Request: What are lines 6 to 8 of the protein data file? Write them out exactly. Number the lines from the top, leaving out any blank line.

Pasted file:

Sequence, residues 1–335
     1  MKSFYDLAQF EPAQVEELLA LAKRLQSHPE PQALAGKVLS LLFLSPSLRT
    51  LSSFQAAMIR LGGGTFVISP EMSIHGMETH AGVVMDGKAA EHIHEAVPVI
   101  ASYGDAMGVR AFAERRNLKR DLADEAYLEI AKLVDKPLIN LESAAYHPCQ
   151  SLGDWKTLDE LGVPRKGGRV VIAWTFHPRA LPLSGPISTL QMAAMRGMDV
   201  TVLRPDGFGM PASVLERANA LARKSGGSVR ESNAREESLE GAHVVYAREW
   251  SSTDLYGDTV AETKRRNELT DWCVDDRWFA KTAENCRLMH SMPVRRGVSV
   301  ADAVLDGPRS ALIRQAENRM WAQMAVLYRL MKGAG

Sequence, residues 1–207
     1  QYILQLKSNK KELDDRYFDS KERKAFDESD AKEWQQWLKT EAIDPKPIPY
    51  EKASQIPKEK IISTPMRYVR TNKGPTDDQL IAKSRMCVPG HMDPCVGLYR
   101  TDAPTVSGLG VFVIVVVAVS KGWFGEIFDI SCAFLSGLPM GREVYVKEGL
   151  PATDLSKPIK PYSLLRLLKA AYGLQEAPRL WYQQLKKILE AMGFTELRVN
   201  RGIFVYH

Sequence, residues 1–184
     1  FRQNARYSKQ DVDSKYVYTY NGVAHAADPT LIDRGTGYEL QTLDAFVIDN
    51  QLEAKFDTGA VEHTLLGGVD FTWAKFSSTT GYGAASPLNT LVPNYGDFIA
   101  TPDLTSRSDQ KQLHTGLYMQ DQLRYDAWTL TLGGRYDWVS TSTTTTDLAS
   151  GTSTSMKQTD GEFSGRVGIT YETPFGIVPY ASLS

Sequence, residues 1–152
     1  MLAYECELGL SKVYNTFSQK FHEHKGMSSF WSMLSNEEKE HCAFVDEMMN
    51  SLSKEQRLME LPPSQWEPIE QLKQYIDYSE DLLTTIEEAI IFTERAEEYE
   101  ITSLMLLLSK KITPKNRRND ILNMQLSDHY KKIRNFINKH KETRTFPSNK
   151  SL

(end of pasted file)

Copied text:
   201  TVLRPDGFGM PASVLERANA LARKSGGSVR ESNAREESLE GAHVVYAREW
   251  SSTDLYGDTV AETKRRNELT DWCVDDRWFA KTAENCRLMH SMPVRRGVSV
   301  ADAVLDGPRS ALIRQAENRM WAQMAVLYRL MKGAG